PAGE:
Internal Revenue Bulletin: 2003-28
July 14, 2003
Table of Contents
- SECTION 1. PURPOSE AND SCOPE
- SECTION 2. BACKGROUND
- SECTION 3. SUMMARY OF CHANGES
- SECTION 4. PROCEDURAL RULES
- .01 Electing Corporation Is Subject to U.S. Tax Rules.
- .02 Termination or Revocation of Section 953(d) Election.
- .03 Prior Elections under Section 953(c)(3)(C).
- .04 Procedures for Making an Election.
- (3) Closing Agreement and Letter of Credit.
- (4) Office and Asset Tests for Electing Corporation or U.S. Affiliate.
- (5) Approval of Election.
- SECTION 5. EFFECT ON OTHER DOCUMENTS
- A. APPENDIX A
- B. APPENDIX B
This revenue procedure provides new procedural rules regarding the election under section 953(d) of the Internal Revenue Code of 1986 (the “Code”), under which certain foreign insurance companies may elect to be treated as domestic corporations for U.S. tax purposes. These new procedural rules reflect changes in the administration of the election. This revenue procedure replaces the procedural rules for making an election under section 953(d) contained in Section II of Notice 89-79, 1989-2 C.B. 392.
In 1989, the Internal Revenue Service published Notice 89-79, which provides substantive and procedural rules regarding the election under section 953(d). Section 953(d) allows a controlled foreign corporation engaged in the insurance business to elect to be treated as a U.S. corporation for U.S. tax purposes. A controlled foreign corporation that makes this election will be subject to tax in the United States on its worldwide income but will not be subject to the branch profits tax or the branch-level interest tax imposed by section 884. Further, the excise tax imposed under section 4371 on policies issued by foreign insurers will not apply.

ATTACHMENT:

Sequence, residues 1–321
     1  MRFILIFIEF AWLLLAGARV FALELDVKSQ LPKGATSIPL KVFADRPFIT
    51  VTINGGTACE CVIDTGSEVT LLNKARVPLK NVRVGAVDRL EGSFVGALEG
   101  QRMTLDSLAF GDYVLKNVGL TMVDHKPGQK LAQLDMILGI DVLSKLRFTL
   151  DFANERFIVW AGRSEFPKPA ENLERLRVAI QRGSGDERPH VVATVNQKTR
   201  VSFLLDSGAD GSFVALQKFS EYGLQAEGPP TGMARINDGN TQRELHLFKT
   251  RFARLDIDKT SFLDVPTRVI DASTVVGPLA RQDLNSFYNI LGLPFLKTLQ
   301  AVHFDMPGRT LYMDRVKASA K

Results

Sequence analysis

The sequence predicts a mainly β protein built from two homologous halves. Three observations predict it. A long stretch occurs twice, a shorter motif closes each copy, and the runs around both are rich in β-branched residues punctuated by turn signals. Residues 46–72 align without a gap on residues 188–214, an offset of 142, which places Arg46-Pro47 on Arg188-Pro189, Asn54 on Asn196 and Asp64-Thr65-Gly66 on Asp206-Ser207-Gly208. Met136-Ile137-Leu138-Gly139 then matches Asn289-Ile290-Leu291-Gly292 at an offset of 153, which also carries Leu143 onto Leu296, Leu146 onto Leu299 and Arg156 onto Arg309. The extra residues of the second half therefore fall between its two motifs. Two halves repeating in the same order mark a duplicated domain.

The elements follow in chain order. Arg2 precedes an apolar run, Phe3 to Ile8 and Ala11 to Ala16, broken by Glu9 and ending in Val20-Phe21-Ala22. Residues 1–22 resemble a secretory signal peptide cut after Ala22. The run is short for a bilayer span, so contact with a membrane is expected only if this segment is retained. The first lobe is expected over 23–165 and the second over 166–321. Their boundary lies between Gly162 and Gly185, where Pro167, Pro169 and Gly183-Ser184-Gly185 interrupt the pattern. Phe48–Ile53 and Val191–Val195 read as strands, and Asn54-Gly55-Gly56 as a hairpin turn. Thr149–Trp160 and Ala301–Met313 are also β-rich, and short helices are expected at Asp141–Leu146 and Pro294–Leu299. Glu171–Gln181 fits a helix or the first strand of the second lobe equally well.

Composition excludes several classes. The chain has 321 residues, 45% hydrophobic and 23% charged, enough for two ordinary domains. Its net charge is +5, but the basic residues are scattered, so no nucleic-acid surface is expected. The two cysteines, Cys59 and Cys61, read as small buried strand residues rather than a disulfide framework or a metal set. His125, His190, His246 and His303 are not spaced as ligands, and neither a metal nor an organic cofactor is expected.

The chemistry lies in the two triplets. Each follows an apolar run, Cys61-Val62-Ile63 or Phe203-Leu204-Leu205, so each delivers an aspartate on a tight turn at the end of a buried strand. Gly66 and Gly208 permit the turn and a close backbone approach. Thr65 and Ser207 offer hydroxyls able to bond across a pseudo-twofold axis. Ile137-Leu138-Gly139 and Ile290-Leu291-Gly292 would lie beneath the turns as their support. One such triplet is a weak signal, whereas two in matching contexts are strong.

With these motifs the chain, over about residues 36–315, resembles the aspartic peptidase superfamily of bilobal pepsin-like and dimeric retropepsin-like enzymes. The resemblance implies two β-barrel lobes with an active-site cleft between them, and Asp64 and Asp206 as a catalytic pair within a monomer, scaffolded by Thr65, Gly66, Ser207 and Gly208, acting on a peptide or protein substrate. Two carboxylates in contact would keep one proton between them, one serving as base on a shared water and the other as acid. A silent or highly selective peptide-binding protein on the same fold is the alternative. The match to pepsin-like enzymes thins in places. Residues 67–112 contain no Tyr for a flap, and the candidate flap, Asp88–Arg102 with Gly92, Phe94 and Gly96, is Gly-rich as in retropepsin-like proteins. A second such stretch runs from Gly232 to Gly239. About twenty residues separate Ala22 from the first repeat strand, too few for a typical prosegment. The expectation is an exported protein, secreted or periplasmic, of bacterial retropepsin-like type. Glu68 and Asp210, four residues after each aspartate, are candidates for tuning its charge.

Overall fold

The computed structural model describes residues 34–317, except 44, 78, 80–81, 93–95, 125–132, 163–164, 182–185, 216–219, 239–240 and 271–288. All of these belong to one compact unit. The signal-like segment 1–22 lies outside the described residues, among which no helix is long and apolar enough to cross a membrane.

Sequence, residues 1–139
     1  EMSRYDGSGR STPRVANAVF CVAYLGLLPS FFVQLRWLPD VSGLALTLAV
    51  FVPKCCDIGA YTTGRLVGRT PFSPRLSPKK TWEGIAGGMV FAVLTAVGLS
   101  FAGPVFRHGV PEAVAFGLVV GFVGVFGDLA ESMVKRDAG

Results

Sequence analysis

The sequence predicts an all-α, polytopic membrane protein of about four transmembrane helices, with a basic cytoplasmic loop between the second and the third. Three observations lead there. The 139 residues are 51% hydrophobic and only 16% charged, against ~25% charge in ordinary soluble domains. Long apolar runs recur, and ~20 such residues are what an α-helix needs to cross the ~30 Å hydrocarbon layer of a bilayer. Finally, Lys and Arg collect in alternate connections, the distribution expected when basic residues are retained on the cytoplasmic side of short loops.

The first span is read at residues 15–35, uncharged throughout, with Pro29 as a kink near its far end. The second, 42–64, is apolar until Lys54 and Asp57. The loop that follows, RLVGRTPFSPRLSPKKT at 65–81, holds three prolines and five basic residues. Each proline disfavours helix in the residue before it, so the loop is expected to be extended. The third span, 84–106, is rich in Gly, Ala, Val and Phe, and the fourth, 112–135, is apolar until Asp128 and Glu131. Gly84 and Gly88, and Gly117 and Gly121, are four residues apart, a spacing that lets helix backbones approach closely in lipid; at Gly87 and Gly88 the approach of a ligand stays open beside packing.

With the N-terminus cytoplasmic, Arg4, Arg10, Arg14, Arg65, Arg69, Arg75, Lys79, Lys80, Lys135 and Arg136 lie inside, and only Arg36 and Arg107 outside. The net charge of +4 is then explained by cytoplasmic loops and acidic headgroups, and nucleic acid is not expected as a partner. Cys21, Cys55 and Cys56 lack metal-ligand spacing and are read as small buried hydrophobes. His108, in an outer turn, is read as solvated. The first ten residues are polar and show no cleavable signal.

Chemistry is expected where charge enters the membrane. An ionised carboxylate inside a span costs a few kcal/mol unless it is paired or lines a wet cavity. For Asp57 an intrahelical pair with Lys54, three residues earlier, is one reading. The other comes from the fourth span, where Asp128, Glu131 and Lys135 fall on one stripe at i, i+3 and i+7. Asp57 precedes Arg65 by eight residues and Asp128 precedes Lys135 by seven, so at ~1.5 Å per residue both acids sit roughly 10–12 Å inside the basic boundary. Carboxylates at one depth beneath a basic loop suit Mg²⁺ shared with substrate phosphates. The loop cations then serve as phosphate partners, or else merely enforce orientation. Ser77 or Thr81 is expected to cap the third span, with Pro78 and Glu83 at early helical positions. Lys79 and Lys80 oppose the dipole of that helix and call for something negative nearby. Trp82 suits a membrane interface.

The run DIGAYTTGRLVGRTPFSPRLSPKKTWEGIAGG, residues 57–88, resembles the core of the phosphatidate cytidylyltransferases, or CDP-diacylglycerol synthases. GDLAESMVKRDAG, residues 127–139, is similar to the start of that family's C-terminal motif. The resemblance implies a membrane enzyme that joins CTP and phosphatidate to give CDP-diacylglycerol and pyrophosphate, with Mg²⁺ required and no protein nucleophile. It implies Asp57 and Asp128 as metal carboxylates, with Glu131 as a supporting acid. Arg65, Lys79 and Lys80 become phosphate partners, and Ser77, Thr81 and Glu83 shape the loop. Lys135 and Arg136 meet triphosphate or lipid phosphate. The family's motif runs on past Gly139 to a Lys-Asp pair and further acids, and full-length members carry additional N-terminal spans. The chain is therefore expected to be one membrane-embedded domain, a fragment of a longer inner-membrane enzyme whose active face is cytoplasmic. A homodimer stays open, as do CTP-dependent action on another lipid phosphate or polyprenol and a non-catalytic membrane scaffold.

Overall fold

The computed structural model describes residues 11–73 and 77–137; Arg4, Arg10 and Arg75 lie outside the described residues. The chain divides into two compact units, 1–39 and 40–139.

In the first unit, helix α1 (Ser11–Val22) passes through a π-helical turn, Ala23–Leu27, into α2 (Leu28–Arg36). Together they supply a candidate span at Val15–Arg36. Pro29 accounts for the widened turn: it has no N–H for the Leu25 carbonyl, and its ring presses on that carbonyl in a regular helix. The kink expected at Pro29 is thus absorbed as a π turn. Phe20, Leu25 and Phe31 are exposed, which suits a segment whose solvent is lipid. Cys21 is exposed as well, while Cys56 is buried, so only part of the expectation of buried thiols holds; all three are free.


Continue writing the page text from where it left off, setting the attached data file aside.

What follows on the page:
Changes in the administration of the election under section 953(d) have made it necessary to issue new procedural rules. Specifically, this revenue procedure provides a new mailing address for section 953(d) elections and takes into account the replacement of Form 2848-D by Form 8821 (“Tax Information Authorization”) to designate an authorized representative to receive confidential tax information on behalf of the corporation that makes a section 953(d) election (“electing corporation”). Additionally, this revenue procedure sets forth specific procedures regarding the satisfaction of the Office and Asset Tests (discussed below), including procedures for taking into account the office and assets of a U.S. affiliate. Finally, this revenue procedure requires that the electing corporation, or its U.S. affiliate, provide a calculation demonstrating that the requirements of the Asset Test are met.
Determination of Tax Due and Timely Filing of Returns. An electing corporation must determine the tax due on its income as if it were a domestic corporation subject to part I or part II of subchapter L. The electing corporation must timely file the U.S. tax return that is due when the election becomes effective and must timely pay any U.S. taxes due (including estimated payments).